The Great Barrier Reef has received yet another disappointing report card.
There are improvements, but the Reef remains in a poor condition.
Sugar cane growers in particular, have been urged to lift their game to reduce agricultural pollutant run-off.
Ria Bhagat reports.
The Great Barrier Reef generates six billion dollars annually for the national economy, but is valued around the globe.
But its condition is still disappointing.
The bad news was unveiled at today’s International River Symposium in Brisbane.
Steven Miles, Qld Environment Minister: “If this was your kid’s report card, you’d be a bit disappointed.”
Green groups were quick to blame those responsible for managing the icon.
Sean Hoobin, WWF: “Today’s report card is a clear fail for previous programs.”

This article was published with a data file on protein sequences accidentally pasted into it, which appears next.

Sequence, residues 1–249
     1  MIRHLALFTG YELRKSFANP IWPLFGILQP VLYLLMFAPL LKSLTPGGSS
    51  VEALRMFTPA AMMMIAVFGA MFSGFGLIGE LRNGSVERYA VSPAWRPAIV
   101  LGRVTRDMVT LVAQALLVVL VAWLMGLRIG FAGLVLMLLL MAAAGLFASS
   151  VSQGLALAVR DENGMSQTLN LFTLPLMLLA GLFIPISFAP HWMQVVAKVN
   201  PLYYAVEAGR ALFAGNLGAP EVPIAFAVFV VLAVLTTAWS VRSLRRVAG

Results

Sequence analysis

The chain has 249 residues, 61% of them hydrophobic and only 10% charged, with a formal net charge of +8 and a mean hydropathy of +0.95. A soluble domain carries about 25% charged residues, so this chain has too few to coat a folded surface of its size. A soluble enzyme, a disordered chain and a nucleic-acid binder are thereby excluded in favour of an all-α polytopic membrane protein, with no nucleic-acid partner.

The report compiled by the federal and state governments calls on farmers to do more to reduce agricultural run-off into the delicate marine ecosystem.
Only a quarter comply with best management practice.
Russell Reichelt, Great Barrier Reef Marine Park Authority Chairman: “I applaud the farmer’s efforts and I genuinely think they are making a difference, this report card for the second time now shows they are.”
The Authority says financial incentives may encourage more farmers to participate.
While Steven Miles is also pinning his hopes on Malcolm Turnbull.
Steven Miles, Qld Environment Minister: “I guess having a Prime Minister who at least acknowledges the science, who at least acknowledges climate change is real, well that’s got to help.”
River runoff is considered the second largest threat to the reef and requires cooperation from both state and federal government with farmers to reduce its impact.
Ria Bhagat, QUT News.